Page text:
While there have been a lot of educated guesses, there is little proof of when dogs were first used as a tool for military forces. Some researchers have said the Romans were the first to use them in combat, while others point to the Egyptians around the 4th Millennium. Whatever a person chooses to believe, we know that humans have relied on their canine counterparts for thousands of years to help them combat enemies by detecting enemies, detecting weapons, attacking enemy personnel, serving as couriers, serving as resupply animals, and providing numerous other ways to help man during conflict.
The use of dogs in the U.S. military is a little clearer than it is in world history. On March 13, 1942, the U.S. Army established the War Dog Program and dogs have been in military service since then. It is why March 13 is known as K9 Veterans Day. The day is set aside to honor and commemorate the service and sacrifices of American military working dogs throughout history.
The contributions of American military working dogs cannot be overstated. In just about every American war since World War I (some might argue that dogs were used in the Revolutionary War), military working dogs have helped turned the tide for American soldiers on the ground and that is a major reason why we celebrate K9 Veterans Day on March 13.
Aside from K9 Veterans Day, in 2019 the U.S. Postal Service issued stamps commemorating the service of military working dogs. The stamps included the four most common breeds used in the U.S. military — the German Shepherd, Belgian Malinois, Dutch Shepherd and the Labrador Retriever. It should be noted, however, that no official legislation has been passed by the federal government recognizing K9 Veterans Day as an official holiday. Some states have passed legislation recognizing K9 Veterans Day as a state holiday.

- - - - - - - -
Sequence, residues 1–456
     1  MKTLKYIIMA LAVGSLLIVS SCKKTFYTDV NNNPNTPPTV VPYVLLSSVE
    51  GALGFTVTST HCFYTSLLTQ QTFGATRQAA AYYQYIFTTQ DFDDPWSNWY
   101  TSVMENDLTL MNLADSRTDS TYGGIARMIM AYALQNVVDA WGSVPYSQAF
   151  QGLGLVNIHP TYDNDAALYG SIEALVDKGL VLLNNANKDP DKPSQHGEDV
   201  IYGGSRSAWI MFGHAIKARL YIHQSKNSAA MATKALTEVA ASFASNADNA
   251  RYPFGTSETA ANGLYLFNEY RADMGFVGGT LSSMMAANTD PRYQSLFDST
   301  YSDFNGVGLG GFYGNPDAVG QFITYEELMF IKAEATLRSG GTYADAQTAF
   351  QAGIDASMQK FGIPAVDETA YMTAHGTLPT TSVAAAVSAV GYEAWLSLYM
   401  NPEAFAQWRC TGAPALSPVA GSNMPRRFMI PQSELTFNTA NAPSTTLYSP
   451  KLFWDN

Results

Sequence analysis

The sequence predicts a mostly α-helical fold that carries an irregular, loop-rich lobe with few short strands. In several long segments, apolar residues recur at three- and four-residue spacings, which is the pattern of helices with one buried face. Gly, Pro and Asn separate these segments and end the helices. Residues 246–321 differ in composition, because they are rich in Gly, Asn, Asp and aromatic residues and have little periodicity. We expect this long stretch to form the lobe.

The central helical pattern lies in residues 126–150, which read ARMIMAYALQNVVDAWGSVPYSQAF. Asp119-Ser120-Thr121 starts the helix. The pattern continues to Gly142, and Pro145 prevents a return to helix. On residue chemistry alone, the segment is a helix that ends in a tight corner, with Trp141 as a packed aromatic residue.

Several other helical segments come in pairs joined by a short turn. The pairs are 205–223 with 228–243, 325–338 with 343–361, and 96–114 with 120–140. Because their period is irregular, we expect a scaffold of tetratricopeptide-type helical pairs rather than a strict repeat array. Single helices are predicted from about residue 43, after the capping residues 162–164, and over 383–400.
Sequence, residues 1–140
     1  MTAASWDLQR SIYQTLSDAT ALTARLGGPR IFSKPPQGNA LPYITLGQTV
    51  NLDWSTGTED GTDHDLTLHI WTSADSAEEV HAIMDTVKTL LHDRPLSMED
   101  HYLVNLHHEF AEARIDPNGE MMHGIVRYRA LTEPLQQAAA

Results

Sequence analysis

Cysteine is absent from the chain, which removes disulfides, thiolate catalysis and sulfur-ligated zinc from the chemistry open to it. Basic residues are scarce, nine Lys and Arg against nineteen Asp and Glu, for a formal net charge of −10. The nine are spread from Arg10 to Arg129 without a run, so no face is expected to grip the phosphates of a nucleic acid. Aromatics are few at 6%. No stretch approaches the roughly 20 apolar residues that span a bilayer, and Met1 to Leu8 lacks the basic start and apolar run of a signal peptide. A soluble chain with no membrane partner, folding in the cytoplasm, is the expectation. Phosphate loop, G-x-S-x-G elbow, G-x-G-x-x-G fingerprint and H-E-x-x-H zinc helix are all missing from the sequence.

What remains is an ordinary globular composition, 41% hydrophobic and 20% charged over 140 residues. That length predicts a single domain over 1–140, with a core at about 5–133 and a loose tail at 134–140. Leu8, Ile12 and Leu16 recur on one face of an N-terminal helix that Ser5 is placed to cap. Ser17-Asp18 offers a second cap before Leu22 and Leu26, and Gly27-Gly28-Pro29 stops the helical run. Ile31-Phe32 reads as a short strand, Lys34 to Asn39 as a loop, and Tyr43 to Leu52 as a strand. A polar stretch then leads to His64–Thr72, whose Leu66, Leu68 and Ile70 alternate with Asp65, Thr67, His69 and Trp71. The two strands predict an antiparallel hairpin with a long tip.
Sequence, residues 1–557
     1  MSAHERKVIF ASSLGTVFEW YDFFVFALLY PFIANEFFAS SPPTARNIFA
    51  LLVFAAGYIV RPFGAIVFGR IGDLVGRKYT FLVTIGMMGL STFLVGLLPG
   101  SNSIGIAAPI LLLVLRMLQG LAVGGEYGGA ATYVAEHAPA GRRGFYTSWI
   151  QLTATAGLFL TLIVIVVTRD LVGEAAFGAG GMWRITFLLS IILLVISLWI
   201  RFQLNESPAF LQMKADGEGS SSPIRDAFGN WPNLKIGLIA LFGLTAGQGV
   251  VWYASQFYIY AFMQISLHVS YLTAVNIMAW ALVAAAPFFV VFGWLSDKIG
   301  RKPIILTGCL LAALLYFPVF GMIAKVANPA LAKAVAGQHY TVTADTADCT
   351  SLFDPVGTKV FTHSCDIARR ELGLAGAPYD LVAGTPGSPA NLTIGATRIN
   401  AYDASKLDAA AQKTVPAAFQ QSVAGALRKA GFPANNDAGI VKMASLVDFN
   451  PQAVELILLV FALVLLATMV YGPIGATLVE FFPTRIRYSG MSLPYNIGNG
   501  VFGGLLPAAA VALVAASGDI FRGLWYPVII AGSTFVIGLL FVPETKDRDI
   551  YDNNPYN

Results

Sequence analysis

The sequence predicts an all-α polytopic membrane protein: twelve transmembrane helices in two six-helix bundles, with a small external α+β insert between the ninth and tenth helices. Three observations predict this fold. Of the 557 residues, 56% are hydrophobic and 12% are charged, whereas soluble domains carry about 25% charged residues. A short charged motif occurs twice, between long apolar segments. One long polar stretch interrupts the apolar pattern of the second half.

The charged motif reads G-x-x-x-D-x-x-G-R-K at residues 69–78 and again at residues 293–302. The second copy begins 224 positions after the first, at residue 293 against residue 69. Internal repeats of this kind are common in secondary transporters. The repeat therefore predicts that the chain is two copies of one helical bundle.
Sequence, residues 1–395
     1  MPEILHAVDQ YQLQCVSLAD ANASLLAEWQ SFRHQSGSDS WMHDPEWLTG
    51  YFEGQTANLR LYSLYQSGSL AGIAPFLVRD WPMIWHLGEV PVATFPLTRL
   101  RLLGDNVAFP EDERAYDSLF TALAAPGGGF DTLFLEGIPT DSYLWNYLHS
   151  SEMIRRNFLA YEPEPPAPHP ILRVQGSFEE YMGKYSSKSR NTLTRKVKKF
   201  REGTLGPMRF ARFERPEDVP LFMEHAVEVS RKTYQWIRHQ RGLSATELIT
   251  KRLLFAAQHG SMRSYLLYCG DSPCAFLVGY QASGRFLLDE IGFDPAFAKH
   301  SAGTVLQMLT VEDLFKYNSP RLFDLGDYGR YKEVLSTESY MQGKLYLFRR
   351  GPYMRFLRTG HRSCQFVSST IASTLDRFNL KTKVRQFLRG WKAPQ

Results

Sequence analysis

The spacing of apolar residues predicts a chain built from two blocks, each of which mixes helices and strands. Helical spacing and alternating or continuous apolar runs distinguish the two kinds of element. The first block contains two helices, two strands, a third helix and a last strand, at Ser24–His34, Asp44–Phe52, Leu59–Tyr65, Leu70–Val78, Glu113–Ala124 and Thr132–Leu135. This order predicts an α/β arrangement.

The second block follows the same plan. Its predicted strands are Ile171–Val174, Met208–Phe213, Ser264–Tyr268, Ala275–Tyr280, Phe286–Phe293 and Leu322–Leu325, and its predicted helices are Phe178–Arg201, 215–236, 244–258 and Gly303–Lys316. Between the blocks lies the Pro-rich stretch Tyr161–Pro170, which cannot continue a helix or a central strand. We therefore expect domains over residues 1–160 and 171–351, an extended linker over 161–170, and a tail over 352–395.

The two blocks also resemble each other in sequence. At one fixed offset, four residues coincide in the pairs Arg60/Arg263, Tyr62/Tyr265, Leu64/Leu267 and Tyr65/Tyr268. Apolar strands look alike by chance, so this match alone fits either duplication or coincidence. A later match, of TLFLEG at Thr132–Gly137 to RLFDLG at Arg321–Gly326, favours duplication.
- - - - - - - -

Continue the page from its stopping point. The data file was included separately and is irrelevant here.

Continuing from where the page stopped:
All U.S. military working dogs are a part of the Defense Department’s Military Working Dog program headquartered at Joint Base San Antonio-Lackland since 1958. It is the world’s largest canine training center. There are approximately 900 dogs assigned to the working dog training program.
The mission of the 341st Training Squadron, a U.S. Air Force unit, is to provide trained military working dogs and handlers for the Department of Defense, other government agencies and allies through training, logistical, veterinary support and research and development for security efforts worldwide.
According to the Air Force, the first Air Force sentry dog school was activated at Showa Air Station, Japan, in 1952. In 1953, the second school was opened at Wiesbaden, West Germany. The Army continued to train and supply sentry dogs to Air Force units in the United States until the Sentry Dog Training Branch of the Department of Security Police Training was established at Lackland Air Force Base, Texas, in October 1958.
In 1966, four sentry dog teams from Andrews Air Force Base, Maryland, were given patrol dog training by the Washington, D.C., Metropolitan Police Department. The additional advantages and capabilities of more tolerant and controllable dogs were quickly proven, and the patrol dog training program expanded. By 1969, the Air Force adopted the patrol dog as the standard military working dog.
To combat the growing use of marijuana and other drugs in Southeast Asia, a drug detection course was added in January 1971 to the military working dog program. Based on the programs merit and success, the marijuana detector dog program expanded introducing cocaine, hashish and heroin to the program to expand the dog's capabilities. Also in 1971, the Air Force began training dogs to detect explosives.